Think about the most critical aspects of your future home. By defining the absolute requirements for your residence, you also take the time to think about where you might be willing to compromise. This will help you narrow down your search, while giving you the freedom to search for those properties that meet the criteria that are most important to you and your family.
Continuing the search until all the stars align can be more than a little frustrating. It could also result in never owning a home.
Don’t take advantage of public funding
There are numerous federal government programs designed to help aspiring homeowners from different walks of life.
The Federal Housing Authority (FHA), for example, provides mortgage guarantees for those who want to purchase their primary residence. The FHA will guarantee up to 96.5% of your mortgage, which means if you work with a qualified lender you may only have to provide a 3.5% down payment.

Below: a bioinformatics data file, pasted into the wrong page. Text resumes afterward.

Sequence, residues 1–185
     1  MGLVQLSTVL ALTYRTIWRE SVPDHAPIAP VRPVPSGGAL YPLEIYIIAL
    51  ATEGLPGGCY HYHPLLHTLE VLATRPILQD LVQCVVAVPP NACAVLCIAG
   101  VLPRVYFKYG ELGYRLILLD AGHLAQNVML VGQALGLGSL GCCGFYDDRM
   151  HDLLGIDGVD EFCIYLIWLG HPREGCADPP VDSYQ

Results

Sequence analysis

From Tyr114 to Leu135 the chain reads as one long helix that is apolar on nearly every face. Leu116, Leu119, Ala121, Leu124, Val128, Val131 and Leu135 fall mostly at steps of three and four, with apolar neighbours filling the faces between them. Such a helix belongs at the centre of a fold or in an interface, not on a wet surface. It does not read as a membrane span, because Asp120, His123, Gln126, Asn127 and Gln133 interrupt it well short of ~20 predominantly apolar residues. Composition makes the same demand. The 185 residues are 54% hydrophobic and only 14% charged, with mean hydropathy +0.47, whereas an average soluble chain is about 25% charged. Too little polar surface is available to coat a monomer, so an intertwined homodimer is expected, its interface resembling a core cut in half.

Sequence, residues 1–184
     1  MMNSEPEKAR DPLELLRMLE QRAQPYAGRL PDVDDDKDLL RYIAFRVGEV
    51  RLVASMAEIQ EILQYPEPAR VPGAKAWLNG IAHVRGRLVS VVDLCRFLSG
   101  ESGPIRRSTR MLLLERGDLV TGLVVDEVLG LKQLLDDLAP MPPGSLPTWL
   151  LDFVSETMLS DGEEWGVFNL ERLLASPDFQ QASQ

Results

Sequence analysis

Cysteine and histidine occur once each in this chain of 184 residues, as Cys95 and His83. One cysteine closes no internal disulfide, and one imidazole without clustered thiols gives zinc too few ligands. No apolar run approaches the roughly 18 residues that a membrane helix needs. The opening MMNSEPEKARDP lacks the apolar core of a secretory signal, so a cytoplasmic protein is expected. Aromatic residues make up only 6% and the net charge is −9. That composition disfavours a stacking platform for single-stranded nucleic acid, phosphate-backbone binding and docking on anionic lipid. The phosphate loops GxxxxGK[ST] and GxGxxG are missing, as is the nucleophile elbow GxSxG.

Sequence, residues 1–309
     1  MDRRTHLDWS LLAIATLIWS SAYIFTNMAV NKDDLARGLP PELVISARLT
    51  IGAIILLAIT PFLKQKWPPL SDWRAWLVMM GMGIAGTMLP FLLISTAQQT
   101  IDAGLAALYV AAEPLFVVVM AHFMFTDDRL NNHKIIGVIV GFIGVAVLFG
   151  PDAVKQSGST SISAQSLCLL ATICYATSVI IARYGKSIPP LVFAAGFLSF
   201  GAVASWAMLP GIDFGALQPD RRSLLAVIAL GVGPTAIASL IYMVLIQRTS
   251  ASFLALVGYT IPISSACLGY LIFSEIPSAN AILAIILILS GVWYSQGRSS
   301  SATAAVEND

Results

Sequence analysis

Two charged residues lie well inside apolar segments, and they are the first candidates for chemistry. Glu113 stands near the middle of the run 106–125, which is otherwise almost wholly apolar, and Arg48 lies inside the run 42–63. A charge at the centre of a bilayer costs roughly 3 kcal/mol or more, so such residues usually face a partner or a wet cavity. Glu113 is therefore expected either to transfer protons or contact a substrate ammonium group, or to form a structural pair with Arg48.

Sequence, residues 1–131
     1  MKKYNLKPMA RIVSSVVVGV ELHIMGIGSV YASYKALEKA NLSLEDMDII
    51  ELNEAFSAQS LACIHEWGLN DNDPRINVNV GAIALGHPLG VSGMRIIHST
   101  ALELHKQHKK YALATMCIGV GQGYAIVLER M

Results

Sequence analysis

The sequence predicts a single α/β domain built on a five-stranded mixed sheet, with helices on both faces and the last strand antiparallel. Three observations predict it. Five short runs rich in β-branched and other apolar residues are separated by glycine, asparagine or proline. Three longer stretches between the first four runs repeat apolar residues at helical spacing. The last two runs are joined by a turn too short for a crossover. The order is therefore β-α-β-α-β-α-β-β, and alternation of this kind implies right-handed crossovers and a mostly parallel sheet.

The Veterans Administration (VA) also provides loan guarantees to private lenders. The VA program allows veterans, active duty service members and eligible spouses to purchase a home with no down payment.
The United States Department of Agriculture (USDA) has a number of programs designed to help would-be rural homebuyers build a life in less populated areas. The USDA offers both direct loans and loan guarantees.
Many states also offer homebuying assistance programs, so be sure to look into all of these options available to you.
Do everything yourself